Flying out a few days before races started gave me a chance to train in relevant terrain and get ready for my first race. This year I didn’t quite make it into the A final after middle qualification having had a steady run but being slightly too hesitant. I changed tactics going into the sprint race and tried to attack it more. I was rewarded with my best result of the week, finishing in 27th out of a field of over 140 athletes. The next race was the long distance and I had an amazing time racing through Scandinavian forest against the best juniors in the world finishing inside the top half of results. Finally I ran the middle leg in the relay enjoying the head to head racing and was pleased to catch some teams.

JWOC 2017 was an amazing end to junior racing and I am very grateful to the John Taylor Foundation for supporting me. I have learnt lots about racing at a high level and really enjoyed spending the week with such an inspiring and committed team.

Alice in the Sprint

Alice in the Relay

JWOC Team

Grace Molloy – Junior World Orienteering Championships

Junior World Orienteering Championships 2017

My main aim for 2017 was to be selected to represent Great Britain at the European Youth Orienteering Championships (EYOC) at U18 level. I not only managed to achieve this but I was also selected to compete at the Junior World Orienteering Championships (JWOC) at U20.

After spending a few days training in Finland for JWOC it was finally time to compete. The first race was a qualification race for the middle distance in which I was delighted to comfortably secure a place in the final, qualifying in the 8th fastest time of 150 athletes. I then went on to secure 19th position in the final which I was happy with but I know I can improve on in future years. In the long distance race I ran strongly to finish in 20th which was much better than I had anticipated as I knew I had not had the perfect race. I had a disappointing run in the relay competition but it was enough to secure Great Britain 6th place in the team competition.

The experience of competing against the best junior orienteers in the world was inspiring and has given me the motivation to keep improving to achieve better results next year.

The remainder of the Summer holidays I am spending training and competing in Sweden, Scotland and Hungary. JWOC 2018 is to be held in Hungary so this training will be especially relevant in preparing for this competition. I am also looking forward to racing at the Junior European Cup in Austria in September.

Grace in the Middle race

Grace punching on the Long

Mya Taylor – National Cross Country Champs 2018

John Taylor fund,

Firstly, thank you so much for the funding to go to London for the national cross country Championships, it really made a difference.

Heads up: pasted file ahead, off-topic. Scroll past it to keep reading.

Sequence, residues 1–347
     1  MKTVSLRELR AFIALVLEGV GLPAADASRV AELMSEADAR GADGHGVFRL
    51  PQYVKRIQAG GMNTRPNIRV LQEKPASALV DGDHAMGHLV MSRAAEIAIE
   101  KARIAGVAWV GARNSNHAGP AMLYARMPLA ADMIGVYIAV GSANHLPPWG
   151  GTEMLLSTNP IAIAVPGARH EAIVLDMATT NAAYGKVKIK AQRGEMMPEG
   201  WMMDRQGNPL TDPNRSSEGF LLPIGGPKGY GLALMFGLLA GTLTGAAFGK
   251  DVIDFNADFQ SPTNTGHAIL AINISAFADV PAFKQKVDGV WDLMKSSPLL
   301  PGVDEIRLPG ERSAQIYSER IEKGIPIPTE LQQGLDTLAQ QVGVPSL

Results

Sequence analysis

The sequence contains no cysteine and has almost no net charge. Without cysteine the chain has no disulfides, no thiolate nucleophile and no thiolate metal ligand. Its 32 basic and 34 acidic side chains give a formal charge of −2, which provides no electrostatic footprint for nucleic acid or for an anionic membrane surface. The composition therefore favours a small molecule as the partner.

I went down to the Nationals at Parliament hill on Friday the 23rd of  February (which also happened to be my Birthday). We went out for a meal at a nice little Indian restaurant in Edgeware, then headed back nice an early so I could get some rest for the next day.

It was an early start for me, 5:30am, not much different to usual but still early. I had the usual breakfast (my speciality pre race breakfast) then headed out about 8:30 with some of the other members of the team to the tube station. A quick tube ride to Hampstead heath, a 15 minute walk and we were at Parliament Hill. My Race was at 11:00am so a walk of the course, and a warm up then It was race time!

I was joined by many teammates at the start line, we wished each other good luck and stood poised anxiously waiting for the starting gun to go off! Within about 200m I was in the top 30, I just focused for the first half a mile on getting in to my own rhythm and then began the real work. My aim then was to keep working through the crowd. I got in to the top 15 at just past half way around the course. I moved around 10th and 12th up until the last 1km where I gave a big push on in to 7th place. I took a bit of a wrong footing in the last 600m which meant me dropping back in to 9th then powered back through to have a clear finish of 8th. I was really happy with my race I’ve had a couple minor set backs this year, some couldn’t have been helped others just needed me to dig deeper. I’m looking forward to my future races this year and hopefully many more years to follow.

Once again Thank you so much for the funding for me to get to the National XC this year, I really think what you are doing as a charity is great for young Athletes like me and genuinely makes a difference.

Best Regards

Mya Taylor (Rotherham Harriers)

Mya Taylor

Mya racing